One of the things that anyone new to youth ministry will learn very quickly is that you need to learn how to work in a team. “Doesn’t work well with others” is a terrible attribute for a youth worker, because you are not going to go to a church and be the only person on staff. You have to be a “team player.” As youth workers, we are always part of team ministry. In fact, as a youth worker you bring a specialization to the team. The great thing about that is that the vast majority of pastors are really supportive of you and of your work in the youth ministry. They are great team players and will support what you’re doing. But here’s the catch: they have to know what you’re doing. They need to know how what you’re doing fits in with the mission and ministry of the congregation as a whole. Which also means that you need to know and be communicating those things well and often.
The great thing about most churches is that they are really excited about bringing someone in to help with youth ministry. They’d love to hand all the responsibility for the youth over to you (don’t let them do  that…but that’s another talk for another day), but it’s because they’re excited about you and they see the importance of having someone that can walk with the youth. But here’s the catch: in order to be excited, they have to know what you’re doing. They need to know how what you’re doing fits in with the mission and ministry of the congregation as a whole. Which also means that you need to know and be  communicating those things well and often. Sound familiar? Well, it should, but it’s also important to know
the order of when you communicate to whom.
If I’m not first sharing with the team what I’m doing, and then communicating it to the congregation only after we as a team have had a chance to share ideas and pray about it, then I’m not fully participating in team ministry. It’s easy to see team ministry as just having each other’s backs and defending each other
when needed. While this is very important, I believe that you can avoid much of this conflict when the communication is high about what you are doing and why you are doing it. This will significantly decrease the amount of times that your pastor has to defend you when asked the question “why do we need a youth person anyways,” because they will have regularly been hearing the things that you are bringing to the team ministry. This opens up the door for team ministry to be about actually doing ministry together and sharing ideas and dreams. I’ve already seen this in my three months doing team ministry, and it’s one of the most important things I’ve learned.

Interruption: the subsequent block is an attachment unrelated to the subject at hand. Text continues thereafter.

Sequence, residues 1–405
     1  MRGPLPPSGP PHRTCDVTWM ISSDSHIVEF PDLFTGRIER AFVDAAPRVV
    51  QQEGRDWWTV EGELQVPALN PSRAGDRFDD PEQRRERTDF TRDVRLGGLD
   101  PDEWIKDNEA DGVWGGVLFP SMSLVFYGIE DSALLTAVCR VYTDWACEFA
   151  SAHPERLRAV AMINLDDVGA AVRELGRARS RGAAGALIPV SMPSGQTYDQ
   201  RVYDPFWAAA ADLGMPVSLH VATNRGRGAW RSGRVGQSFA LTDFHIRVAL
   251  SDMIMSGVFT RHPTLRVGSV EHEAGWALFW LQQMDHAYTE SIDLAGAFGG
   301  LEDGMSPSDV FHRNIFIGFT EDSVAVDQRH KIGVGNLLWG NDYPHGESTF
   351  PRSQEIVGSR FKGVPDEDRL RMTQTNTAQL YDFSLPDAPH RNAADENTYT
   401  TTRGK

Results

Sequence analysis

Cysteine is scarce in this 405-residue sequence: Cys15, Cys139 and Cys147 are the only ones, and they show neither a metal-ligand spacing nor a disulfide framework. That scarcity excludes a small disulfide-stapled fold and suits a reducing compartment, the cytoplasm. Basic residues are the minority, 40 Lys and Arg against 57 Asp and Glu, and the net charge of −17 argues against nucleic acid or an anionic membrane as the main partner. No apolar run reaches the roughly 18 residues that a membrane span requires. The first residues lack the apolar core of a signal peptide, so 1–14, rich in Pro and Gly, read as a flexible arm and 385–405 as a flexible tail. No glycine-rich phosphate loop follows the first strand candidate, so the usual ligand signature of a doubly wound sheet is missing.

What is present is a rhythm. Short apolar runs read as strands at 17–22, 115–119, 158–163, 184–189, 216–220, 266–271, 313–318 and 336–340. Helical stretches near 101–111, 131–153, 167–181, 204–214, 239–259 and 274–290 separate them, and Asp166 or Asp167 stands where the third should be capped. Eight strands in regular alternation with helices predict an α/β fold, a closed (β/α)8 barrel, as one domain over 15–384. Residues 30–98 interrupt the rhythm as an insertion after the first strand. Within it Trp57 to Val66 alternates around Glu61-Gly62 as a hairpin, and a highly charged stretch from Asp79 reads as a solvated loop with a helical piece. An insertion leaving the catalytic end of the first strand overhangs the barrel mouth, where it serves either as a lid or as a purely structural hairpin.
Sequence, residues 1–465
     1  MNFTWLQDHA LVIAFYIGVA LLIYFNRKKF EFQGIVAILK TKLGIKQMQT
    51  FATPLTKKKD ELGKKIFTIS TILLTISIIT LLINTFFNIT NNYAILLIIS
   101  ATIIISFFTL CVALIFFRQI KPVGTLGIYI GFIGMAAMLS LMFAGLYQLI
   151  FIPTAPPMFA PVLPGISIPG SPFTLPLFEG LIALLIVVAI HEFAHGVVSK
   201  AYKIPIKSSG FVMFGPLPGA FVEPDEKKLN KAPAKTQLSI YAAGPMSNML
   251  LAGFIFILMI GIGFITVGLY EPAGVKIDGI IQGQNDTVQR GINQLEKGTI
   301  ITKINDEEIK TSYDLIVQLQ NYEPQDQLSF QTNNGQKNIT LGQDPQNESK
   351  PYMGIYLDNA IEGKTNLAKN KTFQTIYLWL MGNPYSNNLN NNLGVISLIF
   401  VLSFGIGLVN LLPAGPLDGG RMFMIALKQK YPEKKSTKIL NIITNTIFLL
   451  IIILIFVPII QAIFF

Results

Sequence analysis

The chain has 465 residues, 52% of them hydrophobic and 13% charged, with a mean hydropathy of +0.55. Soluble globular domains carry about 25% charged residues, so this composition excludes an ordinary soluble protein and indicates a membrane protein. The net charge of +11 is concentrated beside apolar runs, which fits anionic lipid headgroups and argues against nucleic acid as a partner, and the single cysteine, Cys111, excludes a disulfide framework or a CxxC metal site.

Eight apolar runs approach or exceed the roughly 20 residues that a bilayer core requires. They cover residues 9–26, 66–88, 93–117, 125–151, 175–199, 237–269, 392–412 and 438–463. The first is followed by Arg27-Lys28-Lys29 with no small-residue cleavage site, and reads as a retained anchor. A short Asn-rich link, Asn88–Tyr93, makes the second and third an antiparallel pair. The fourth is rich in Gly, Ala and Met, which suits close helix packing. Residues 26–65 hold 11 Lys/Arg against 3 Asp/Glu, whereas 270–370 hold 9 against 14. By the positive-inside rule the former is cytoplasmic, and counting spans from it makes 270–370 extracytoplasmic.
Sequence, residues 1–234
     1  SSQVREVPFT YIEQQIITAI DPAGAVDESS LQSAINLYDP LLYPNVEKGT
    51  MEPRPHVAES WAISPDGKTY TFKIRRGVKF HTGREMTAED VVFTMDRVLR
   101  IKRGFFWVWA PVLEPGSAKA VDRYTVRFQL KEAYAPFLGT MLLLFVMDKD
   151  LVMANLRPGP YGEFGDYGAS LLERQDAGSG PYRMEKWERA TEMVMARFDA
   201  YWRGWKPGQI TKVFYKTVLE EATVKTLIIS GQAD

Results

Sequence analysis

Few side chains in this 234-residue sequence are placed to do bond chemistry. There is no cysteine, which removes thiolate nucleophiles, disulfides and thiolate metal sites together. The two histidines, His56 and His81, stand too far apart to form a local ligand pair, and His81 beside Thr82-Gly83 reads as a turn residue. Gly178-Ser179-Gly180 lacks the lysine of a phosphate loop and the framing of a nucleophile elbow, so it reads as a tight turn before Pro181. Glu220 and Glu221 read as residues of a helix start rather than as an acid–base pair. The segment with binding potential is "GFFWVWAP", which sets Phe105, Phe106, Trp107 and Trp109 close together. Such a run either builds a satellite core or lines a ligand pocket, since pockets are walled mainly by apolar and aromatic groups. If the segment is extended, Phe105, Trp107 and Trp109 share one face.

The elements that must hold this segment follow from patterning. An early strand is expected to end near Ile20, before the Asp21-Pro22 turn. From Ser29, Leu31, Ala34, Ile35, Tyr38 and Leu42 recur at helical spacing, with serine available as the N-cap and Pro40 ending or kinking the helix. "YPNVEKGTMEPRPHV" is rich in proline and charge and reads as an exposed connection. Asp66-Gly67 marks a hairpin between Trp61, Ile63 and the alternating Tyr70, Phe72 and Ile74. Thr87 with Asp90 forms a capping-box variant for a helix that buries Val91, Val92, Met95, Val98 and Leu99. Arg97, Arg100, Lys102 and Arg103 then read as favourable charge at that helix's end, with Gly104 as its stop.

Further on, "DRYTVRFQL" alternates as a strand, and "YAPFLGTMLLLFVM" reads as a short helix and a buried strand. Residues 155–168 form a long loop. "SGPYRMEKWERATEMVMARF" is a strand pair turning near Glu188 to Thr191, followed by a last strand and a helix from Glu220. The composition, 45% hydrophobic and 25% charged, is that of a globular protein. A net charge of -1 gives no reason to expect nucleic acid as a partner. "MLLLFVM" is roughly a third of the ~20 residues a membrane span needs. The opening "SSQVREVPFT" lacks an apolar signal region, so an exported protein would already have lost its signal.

The other members of your team are all really busy and it’s easy to skip collaboration and real team ministry due to time constraints and a genuine care and respect for your teammates. But briefly asking for ideas and support, even if it’s just weekly, is not a waste of time. Being incompetent is wasting their time. Don’t ask questions because you have no idea how to do your job. They don’t need to do your job for you. That’s a waste of their time and frustrating. But asking your partners in ministry to help you do the best ministry possible for your congregation is a great use of time. Giving your team members the opportunity to share any experiences they have, or background of the congregation that may be good to know, if they’ve tried this same thing before, or just to say “sounds great” is worth the time spent on it. At the same time, be thinking about ways you can support your pastors and other team members, both publicly in the congregation and privately in the office. Write a note, send a quick e-mail, brag about them to other people, pray for them, etc. Don’t just bring more ideas and specialization to the team. Bring care, concern, support, prayer and encouragement. Strive to be that kind of a team player.

Published November 2013